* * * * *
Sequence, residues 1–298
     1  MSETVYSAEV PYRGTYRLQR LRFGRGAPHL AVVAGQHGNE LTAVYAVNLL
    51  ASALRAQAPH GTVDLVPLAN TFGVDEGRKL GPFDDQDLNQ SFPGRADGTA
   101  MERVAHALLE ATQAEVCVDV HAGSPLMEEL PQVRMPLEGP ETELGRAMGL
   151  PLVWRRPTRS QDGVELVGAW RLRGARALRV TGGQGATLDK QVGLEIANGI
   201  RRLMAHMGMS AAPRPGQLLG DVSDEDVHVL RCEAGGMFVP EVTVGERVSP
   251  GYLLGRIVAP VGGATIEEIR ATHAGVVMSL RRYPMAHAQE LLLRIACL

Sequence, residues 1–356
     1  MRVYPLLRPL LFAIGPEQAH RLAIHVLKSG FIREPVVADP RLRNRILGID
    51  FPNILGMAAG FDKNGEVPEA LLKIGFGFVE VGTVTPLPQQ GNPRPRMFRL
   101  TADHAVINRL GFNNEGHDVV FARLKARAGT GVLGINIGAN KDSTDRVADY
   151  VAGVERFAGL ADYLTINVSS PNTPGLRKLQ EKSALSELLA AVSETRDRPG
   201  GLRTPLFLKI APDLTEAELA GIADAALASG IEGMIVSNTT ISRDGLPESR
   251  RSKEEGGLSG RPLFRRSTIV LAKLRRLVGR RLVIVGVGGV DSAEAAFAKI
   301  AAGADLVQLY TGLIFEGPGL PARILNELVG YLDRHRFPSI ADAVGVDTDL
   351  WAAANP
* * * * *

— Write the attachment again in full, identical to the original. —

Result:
Sequence, residues 1–298
     1  MSETVYSAEV PYRGTYRLQR LRFGRGAPHL AVVAGQHGNE LTAVYAVNLL
    51  ASALRAQAPH GTVDLVPLAN TFGVDEGRKL GPFDDQDLNQ SFPGRADGTA
   101  MERVAHALLE ATQAEVCVDV HAGSPLMEEL PQVRMPLEGP ETELGRAMGL
   151  PLVWRRPTRS QDGVELVGAW RLRGARALRV TGGQGATLDK QVGLEIANGI
   201  RRLMAHMGMS AAPRPGQLLG DVSDEDVHVL RCEAGGMFVP EVTVGERVSP
   251  GYLLGRIVAP VGGATIEEIR ATHAGVVMSL RRYPMAHAQE LLLRIACL

Sequence, residues 1–356
     1  MRVYPLLRPL LFAIGPEQAH RLAIHVLKSG FIREPVVADP RLRNRILGID
    51  FPNILGMAAG FDKNGEVPEA LLKIGFGFVE VGTVTPLPQQ GNPRPRMFRL
   101  TADHAVINRL GFNNEGHDVV FARLKARAGT GVLGINIGAN KDSTDRVADY
   151  VAGVERFAGL ADYLTINVSS PNTPGLRKLQ EKSALSELLA AVSETRDRPG
   201  GLRTPLFLKI APDLTEAELA GIADAALASG IEGMIVSNTT ISRDGLPESR
   251  RSKEEGGLSG RPLFRRSTIV LAKLRRLVGR RLVIVGVGGV DSAEAAFAKI
   301  AAGADLVQLY TGLIFEGPGL PARILNELVG YLDRHRFPSI ADAVGVDTDL
   351  WAAANP